To give or not

The Star Malaysia - Star2 - - INSIGHT - BHAG SINGH star2@thes­tar.com.my

Should a par­ent will his prop­erty to a child who is in debt?

AREADER writes to say that he is in the process of hav­ing his will drafted. He wants to di­vide all his prop­erty equally among all his chil­dren as he feels this is the best way.

Of course, if his wife survives him he would like his as­sets to be held in trust for the ben­e­fit of his wife as long as she lives. Only then will his prop­erty go to the chil­dren equally. That is fair.

In the case of a Mus­lim, only one-third can be given away by will to non-ben­e­fi­cia­ries. As far as the recog­nised ben­e­fi­cia­ries are con­cerned, their en­ti­tle­ment is fixed by law. Of course, there is noth­ing to pre­vent such a per­son from giv­ing away his prop­erty to any­one dur­ing his life­time.

But back to the ques­tion posed. While dis­cussing the mat­ter of his will with his so­lic­i­tors, the reader has come to know that one of his chil­dren is heav­ily in debt through his own loans and help­ing oth­ers ac­quire loans. The amount is al­most RM100,000 and it is not within the abil­ity of the child to pay.

What our reader wants to know is what will hap­pen to the amount or as­set that is willed to the par­tic­u­lar child who is in debt and cer­tainly un­able to pay the debts he has in­curred or has be­come re­spon­si­ble for.

The po­si­tion would be that the par­tic­u­lar as­set willed away to the child will still be­long to our reader as long as he lives. Given the ar­range­ment, it will also be held in trust for the wife if she out­lives him for so long as she lives. Dur­ing this pe­riod it will be be­yond the reach of any­one else.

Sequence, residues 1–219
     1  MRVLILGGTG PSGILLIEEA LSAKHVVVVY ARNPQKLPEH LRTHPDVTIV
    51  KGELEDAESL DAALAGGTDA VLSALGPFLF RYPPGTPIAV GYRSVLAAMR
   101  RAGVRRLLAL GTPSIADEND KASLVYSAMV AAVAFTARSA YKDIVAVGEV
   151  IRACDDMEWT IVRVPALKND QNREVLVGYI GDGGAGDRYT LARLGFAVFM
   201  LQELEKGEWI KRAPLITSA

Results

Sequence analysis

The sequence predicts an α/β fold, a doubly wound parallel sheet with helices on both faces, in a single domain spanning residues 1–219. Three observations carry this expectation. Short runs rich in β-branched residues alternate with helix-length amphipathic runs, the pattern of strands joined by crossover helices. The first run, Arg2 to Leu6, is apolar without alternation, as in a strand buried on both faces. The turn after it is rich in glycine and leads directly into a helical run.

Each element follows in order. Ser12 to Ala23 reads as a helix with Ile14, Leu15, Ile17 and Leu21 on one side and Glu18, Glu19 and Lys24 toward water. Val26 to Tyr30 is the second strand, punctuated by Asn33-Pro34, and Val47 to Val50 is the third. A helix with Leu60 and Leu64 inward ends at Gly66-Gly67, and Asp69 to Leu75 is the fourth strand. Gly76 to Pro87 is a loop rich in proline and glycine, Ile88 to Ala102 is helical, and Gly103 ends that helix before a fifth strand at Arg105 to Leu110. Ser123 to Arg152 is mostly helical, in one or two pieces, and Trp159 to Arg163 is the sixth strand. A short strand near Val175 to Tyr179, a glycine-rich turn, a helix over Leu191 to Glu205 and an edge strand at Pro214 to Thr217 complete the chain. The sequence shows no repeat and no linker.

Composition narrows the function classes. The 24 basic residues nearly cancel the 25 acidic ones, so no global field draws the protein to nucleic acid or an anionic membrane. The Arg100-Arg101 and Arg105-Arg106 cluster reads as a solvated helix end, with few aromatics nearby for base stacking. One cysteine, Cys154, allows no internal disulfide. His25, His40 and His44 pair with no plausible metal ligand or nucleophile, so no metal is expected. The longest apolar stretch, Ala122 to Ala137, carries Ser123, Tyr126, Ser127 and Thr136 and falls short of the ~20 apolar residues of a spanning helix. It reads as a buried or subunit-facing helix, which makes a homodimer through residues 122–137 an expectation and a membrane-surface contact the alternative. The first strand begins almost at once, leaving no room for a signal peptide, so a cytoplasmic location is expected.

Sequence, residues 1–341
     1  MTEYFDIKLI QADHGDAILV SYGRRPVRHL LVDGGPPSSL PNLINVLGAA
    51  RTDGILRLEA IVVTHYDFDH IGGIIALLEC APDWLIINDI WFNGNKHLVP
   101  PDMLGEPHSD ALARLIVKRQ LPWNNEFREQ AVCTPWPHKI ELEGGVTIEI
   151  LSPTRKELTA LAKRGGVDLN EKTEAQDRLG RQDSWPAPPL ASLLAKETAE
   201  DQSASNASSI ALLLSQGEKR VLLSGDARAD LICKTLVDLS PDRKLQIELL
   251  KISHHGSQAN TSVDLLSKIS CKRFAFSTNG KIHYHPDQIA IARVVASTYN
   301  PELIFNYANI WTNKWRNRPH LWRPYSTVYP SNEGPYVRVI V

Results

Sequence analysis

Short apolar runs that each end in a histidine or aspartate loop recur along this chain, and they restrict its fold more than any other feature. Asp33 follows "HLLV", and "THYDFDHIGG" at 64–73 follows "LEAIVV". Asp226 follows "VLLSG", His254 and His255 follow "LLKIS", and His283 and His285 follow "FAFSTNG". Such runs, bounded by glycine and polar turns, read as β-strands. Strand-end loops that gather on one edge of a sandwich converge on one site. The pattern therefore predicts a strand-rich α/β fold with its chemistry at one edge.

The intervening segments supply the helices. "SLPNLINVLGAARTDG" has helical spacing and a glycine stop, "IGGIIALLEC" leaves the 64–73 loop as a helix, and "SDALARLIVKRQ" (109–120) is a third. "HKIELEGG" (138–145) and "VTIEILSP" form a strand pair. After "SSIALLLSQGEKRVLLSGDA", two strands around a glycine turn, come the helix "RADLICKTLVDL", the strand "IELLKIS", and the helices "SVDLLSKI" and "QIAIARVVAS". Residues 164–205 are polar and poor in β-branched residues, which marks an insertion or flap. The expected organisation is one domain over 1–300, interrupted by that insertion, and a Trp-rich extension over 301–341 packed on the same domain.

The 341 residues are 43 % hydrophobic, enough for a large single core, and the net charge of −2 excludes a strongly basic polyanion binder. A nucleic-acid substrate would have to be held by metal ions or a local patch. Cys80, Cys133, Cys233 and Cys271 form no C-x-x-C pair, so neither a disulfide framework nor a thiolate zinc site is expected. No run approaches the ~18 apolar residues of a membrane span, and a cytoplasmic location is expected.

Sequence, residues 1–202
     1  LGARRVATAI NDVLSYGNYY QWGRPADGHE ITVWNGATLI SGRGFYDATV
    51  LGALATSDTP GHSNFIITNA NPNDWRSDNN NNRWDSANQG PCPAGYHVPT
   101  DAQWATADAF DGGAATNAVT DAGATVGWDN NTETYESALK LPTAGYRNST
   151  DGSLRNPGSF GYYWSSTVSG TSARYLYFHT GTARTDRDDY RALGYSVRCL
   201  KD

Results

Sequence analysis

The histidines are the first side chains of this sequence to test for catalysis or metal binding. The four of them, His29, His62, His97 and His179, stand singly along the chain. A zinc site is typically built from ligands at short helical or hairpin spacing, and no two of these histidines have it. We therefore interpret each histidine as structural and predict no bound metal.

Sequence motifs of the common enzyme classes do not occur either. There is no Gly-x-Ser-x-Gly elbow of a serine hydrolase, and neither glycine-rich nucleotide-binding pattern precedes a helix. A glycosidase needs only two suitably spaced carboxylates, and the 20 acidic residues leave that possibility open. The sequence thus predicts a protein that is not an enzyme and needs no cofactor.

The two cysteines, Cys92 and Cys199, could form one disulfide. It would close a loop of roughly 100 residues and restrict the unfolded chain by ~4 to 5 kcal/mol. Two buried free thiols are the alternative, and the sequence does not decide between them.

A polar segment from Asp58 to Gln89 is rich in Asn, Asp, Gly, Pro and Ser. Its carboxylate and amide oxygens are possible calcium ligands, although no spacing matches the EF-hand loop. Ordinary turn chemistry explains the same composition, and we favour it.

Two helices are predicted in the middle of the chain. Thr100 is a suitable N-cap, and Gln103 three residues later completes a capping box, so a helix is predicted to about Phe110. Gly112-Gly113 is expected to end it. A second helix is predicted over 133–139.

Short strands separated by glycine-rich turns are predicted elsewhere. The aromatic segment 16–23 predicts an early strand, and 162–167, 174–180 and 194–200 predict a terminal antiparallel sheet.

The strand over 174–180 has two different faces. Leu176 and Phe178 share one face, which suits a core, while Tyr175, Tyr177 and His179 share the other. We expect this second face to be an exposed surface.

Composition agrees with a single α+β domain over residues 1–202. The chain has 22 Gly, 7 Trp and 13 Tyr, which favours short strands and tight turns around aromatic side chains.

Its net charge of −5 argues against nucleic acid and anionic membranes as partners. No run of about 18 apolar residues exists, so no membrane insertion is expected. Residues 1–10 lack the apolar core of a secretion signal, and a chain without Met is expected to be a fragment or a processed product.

Af­ter that, how­ever, the child – who by now is or will in due course be­come an adult – will be en­ti­tled to that part of the share that has been willed to him. leave the par­tic­u­lar child out of any in­her­i­tance in cir­cum­stances where this is per­mis­si­ble. But the par­ent, af­ter his demise, may still want to pro­vide for the child.

A pos­si­ble op­tion would be for the par­tic­u­lar as­set to be held in trust with the in­come from the as­set or through its liq­ui­da­tion to be used for the rea­son­able liv­ing ex­penses of the child to be paid to him dur­ing his life­time af­ter de­duct­ing the ex­penses.

It could also be pro­vided that the prop­erty be given to him at the dis­cre­tion of the trustee or when an event oc­curs sub­ject to con­di­tions. In ad­di­tion, it could be pro­vided that upon his death, the as­sets go to an­other child or to an in­sti­tu­tion cho­sen by the tes­ta­tor.

In this way, the child in ques­tion can be pro­vided for with an in­come for his up­keep in the event that any ac­tion to en­force a judg­ment is taken against him whilst at the same time “pro­tect­ing the as­set”.

Sit­u­a­tions like this cer­tainly pose dif­fi­cul­ties for the par­ent who, on the one hand, wants to pro­vide for his son or daugh­ter and on the other hand, can­not bear the thought of his hard-earned money be­ing used to pay cred­i­tors.

It also shows the un­cer­tainty that one can face in life. Such an end­ing for a per­son who has vi­su­alised work­ing hard to pro­vide for his chil­dren even af­ter his demise is cer­tainly not what one would have been imag­ined.

Fran­cis Ba­con in his book The Works of Fran­cis Ba­con writes: “If a man will be­gin with cer­tain­ties, he shall end in doubts; but if he will be con­tent to be with doubts, he shall end in cer­tain­ties”.

These are cer­tainly words to re­mem­ber.

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